Coauthor Alexander Esquivel López
Currently, significant progress has been made in some aspects of environmental sustainability: the total area of protected zones has increased, the consumption of substances that damage the ozone layer has decreased considerably, and the region has made progress in expanding the coverage of drinking water and sanitation services. In this context, integrated water resources management is essential for sustainable development. However, we are currently facing multiple obstacles: the financial, climate, energy and food crises may divert the region from meeting its commitments to environmental sustainability.
Until the late 1980s, the environment and its relationship with economic growth and social justice did not figure prominently on national or international agendas. This situation began to change with the emergence of the concept of sustainable development, which was consolidated in 1987 with the publication of Our Common Future, also known as the Brundtland Report.
The Brundtland Report defines sustainable development as “development that meets the needs of the present without compromising the ability of future generations to meet their own needs”. Extending the concept, a sustainable society can be understood as one that does not exhaust its resource base over generations or produce more pollutants than nature can absorb.
Based on this conception, today’s societies need an approach that helps them to understand better the complex and dynamic relationships that exist between humans and nature, in order to manage their resources sustainably. This being said, it is necessary not only to conduct research on issues related to sustainability but also to innovate and find solutions that will allow our generation and those to come to live in harmony with nature.
Climate change impacts
Due to climate change, it is important to consider that tropical storms and atmospheric phenomena are becoming more frequent in the region, which is why integrated water resource management is becoming increasingly important. Water resources are an essential element for social, economic and environmental well-being and development.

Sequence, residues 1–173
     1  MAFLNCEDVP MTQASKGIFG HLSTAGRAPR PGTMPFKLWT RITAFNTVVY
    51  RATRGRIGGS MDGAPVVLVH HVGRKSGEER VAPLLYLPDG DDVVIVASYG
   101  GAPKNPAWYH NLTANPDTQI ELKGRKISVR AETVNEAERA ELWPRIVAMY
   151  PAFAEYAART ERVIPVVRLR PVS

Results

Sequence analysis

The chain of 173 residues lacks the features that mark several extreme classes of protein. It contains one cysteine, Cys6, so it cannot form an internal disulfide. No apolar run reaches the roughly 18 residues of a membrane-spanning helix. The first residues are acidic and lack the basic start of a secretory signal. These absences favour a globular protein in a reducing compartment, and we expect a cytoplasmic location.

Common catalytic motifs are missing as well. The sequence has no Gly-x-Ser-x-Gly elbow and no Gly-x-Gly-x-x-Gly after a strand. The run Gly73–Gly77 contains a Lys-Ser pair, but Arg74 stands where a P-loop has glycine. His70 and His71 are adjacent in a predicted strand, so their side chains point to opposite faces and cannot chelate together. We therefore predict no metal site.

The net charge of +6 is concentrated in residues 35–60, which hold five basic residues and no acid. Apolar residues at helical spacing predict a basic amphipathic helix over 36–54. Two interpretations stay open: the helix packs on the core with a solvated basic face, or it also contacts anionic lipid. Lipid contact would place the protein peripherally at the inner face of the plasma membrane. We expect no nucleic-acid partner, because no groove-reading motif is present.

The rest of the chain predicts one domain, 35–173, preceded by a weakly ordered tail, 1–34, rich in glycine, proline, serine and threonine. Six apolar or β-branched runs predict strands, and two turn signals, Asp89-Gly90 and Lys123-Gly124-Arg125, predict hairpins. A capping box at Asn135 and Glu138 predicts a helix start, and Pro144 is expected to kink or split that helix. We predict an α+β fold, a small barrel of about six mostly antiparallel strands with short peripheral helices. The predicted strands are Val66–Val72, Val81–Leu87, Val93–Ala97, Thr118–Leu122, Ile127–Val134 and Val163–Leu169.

Since water is a finite, vulnerable, and essential resource for maintaining life, ecosystems, and economic development, adequate public and political management of water resources is indispensable. This is necessary to promote compatibility between the satisfaction of economic and social uses and environmental functions in order to achieve sustainable use.
Historically, water has generally been considered by societies as an endless resource. Recently, nevertheless, deficiencies in water availability in some regions, degradation of the quality of water bodies, and inequity in access to drinking water and sanitation have led to an incipient recognition of the need for better conservation and planning of water resources.
Currently, there are a number of initiatives in the region that are focused on raising awareness of the global water crisis and deciding on concerted actions that mobilize all sectors, people, organizations and countries, with the aim of promoting political efforts focused on solving this problem.
One example is the Regional Group of Experts on Water Resources in Latin America and the Caribbean, which aims to join efforts to implement initiatives such as the exchange of relevant information on water issues, publications and studies under development, as well as to explore opportunities for collaboration to support the countries of the region. All these activities are aimed at accelerating the achievement of Sustainable Development Goal (SDG) 6.
Another noteworthy initiative is the Sustainability Research and Innovation Congress (SRI), to be held in June in Panama, where research projects and co-management strategies will be discussed to obtain the relevant impacts on the conservation of water resources. One of the objectives is to highlight the research projects and co-management strategies being developed at the Center for Hydraulic and Hydrotechnical Research (CIHH) of the Technological University of Panama (UTP), where the aim is to achieve the necessary effects on the conservation of water resources in the country.
In the SRI Congress, the main lines of the Action Plan for Integrated Water Resources Management will be discussed, such as the institutional framework and water governance or vulnerability and adaptation to climate change. This will allow Panama to make modern management of water resources and thus achieve sustainable management of these resources by articulating the needs for political, legal and financing reforms, the development of institutional models and management tools.
These are just some of the initiatives demonstrating that the region has a long way to go. Progress has already been made in this area, and this type of policy is currently being implemented in most of the countries.
Alexander Esquivel López holds a PhD in Science and Technology of Radiation, Minerals and Materials. He is a researcher at CIHH-UTP and a member of the Panamanian Association of Soil Science and Related Sciences and ISTRA.
*Translated from Spanish by Micaela Machado Rodrigues